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A Shocking Interaction

A Shocking Interaction

“We never dreamt that it would be this clear, this beautiful,” said J.T. Heineck of NASA’s Ames Research Center. After more than ten years of developing and refining imaging techniques and equipment, the scientist got a glimpse of perhaps the first-ever images of the interaction of shockwaves from two supersonic aircraft in flight.

“I am ecstatic about how these images turned out,” Heineck said after a test of an advanced air-to-air photographic technology. “With this upgraded system, we have, by an order of magnitude, improved both the speed and quality of our imagery from previous research.”

The images were captured as part of the Air-to-Air Background Oriented Schlieren flights, or AirBOS, which took place at NASA’s Armstrong Flight Research Center. The flight series included successful testing of an upgraded system that captures high-resolution images of shockwaves, the rapid pressure changes produced when an aircraft flies faster than the speed of sound. Shockwaves merge together as they travel through the atmosphere and are responsible for what is heard on the ground as a “sonic boom.”

The system will be used to capture data crucial to confirming the design of NASA’s X-59 Quiet SuperSonic Technology X-plane, or X-59 QueSST (photo below). The plane will fly supersonic, but will produce shockwaves in such a way that, instead of producing a loud sonic boom, will only make a quiet rumble. The ability to fly supersonic without a sonic boom may one day result in lifting current restrictions on supersonic flight over land.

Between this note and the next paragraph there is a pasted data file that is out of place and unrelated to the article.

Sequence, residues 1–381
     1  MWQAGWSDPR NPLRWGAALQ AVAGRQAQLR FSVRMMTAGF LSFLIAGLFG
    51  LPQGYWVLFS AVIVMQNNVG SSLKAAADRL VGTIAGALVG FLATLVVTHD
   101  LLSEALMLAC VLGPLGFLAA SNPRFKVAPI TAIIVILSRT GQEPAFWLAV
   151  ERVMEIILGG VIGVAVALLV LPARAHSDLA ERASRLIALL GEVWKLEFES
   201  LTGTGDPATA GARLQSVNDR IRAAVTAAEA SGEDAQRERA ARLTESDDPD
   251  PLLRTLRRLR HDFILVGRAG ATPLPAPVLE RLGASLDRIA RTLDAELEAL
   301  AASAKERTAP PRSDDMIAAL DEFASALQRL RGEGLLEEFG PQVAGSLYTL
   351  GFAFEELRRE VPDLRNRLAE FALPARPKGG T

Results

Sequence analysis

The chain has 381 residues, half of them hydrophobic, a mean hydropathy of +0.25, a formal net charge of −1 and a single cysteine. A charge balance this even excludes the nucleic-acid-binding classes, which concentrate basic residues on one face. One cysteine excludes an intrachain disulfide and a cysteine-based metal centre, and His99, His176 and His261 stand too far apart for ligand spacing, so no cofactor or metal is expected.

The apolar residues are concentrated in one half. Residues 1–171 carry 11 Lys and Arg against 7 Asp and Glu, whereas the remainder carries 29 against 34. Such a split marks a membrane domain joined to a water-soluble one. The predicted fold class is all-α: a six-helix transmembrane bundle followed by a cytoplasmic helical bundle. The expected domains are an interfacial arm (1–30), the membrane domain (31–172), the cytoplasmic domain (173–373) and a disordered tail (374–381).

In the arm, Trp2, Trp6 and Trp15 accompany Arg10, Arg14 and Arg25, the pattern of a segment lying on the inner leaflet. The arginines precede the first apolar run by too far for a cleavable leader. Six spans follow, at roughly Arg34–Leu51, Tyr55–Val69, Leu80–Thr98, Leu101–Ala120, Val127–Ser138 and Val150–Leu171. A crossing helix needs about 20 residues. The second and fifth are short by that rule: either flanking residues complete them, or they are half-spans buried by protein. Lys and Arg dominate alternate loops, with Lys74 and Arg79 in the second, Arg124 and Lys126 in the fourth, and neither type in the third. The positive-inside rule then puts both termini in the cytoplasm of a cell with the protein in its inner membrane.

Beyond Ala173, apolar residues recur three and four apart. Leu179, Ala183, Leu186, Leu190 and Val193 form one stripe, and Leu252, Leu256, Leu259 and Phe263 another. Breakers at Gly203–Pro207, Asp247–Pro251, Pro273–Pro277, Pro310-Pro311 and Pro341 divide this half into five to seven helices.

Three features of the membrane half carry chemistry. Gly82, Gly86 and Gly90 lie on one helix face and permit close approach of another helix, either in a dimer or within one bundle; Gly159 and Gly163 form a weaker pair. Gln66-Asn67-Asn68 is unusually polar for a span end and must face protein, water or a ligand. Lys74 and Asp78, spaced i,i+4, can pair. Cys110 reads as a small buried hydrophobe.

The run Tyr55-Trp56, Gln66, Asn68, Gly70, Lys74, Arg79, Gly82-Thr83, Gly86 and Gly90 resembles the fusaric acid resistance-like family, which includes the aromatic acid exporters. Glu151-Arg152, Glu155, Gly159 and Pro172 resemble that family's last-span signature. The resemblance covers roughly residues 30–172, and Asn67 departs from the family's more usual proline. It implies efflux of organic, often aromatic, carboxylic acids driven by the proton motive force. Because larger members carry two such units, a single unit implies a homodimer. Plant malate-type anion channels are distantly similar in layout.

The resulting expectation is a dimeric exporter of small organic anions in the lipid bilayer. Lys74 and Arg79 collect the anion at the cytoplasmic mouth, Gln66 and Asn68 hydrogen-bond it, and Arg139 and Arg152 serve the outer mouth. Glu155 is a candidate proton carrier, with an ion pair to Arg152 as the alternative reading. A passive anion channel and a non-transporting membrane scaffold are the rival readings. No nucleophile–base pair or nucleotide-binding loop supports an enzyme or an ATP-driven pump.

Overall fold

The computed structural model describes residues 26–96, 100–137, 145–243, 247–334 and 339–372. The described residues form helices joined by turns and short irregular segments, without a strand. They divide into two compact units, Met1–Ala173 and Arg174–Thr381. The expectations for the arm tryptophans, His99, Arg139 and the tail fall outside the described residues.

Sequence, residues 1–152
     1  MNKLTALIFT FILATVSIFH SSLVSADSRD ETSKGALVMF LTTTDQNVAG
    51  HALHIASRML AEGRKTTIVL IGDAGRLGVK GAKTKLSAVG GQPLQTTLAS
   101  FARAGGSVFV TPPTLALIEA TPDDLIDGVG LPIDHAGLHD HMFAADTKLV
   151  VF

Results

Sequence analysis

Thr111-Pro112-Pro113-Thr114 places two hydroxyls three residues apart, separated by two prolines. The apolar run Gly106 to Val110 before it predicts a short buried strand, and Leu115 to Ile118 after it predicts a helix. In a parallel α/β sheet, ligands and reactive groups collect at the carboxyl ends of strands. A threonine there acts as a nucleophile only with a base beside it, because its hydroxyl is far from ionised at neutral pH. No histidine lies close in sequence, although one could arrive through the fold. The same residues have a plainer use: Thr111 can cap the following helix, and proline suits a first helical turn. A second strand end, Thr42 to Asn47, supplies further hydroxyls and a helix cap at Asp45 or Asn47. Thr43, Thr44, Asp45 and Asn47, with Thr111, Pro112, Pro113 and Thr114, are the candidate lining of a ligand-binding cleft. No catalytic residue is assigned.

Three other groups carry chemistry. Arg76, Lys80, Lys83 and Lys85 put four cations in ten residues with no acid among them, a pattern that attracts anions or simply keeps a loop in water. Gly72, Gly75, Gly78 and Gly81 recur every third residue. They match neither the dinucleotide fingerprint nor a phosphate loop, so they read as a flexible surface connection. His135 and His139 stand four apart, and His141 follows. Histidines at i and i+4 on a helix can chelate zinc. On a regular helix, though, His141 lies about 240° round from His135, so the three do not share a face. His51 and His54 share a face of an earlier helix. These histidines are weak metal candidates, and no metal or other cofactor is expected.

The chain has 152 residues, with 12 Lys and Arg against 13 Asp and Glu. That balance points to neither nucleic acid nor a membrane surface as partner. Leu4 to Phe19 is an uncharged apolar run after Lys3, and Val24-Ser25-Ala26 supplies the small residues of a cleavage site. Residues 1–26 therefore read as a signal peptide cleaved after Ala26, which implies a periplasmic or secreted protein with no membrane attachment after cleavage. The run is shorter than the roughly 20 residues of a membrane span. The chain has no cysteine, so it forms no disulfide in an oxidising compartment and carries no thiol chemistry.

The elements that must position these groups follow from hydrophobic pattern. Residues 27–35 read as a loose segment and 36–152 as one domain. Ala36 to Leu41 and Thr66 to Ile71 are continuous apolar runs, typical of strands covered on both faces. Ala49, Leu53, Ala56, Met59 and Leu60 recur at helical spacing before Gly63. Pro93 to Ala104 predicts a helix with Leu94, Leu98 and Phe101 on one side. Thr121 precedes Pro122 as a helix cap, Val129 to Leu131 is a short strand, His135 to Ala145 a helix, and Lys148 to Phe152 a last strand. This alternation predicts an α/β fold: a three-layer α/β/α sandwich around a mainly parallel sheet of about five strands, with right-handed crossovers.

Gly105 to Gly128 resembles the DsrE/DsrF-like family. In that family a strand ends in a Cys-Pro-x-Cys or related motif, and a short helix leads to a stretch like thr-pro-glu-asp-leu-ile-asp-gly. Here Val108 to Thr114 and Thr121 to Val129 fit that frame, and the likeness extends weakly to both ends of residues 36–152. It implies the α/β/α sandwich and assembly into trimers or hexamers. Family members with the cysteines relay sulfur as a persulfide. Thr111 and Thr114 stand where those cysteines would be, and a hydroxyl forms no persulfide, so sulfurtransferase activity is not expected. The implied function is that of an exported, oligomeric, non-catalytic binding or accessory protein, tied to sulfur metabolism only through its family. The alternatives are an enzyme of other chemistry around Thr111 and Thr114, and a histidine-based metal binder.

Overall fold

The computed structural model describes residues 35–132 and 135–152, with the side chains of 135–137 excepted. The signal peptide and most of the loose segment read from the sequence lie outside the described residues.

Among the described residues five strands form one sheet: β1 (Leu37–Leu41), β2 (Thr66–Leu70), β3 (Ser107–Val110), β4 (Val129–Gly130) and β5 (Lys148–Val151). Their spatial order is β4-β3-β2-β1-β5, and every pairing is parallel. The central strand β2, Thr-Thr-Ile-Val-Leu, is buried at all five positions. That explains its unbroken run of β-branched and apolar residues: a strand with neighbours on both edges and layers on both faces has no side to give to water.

The image at the top of this page features a pair of T-38s from the U.S. Air Force Test Pilot School. The T-38s are flying approximately 30 feet from each other, with the trailing aircraft flying about 10 feet lower than the leading one. The image shows the flow of the shock waves from both aircraft and the interaction of the shocks.

“If you look at the rear T-38, you see these shocks kind of interact in a curve,” said Neal Smith, a research engineer with AerospaceComputing Inc. at NASA Ames. “This is because the trailing T-38 is flying in the wake of the leading aircraft, so the shocks are going to be shaped differently. This data is really going to help us advance our understanding of how these shocks interact.”

While NASA has previously used the schlieren photography technique to study shockwaves, the AirBOS flights featured an advanced approach that allowed researchers to capture three times the amount of data in the same amount of time.

Story by Matt Kamlet, NASA Armstrong Flight Research Center, with Mike Carlowicz, NASA Earth Observatory.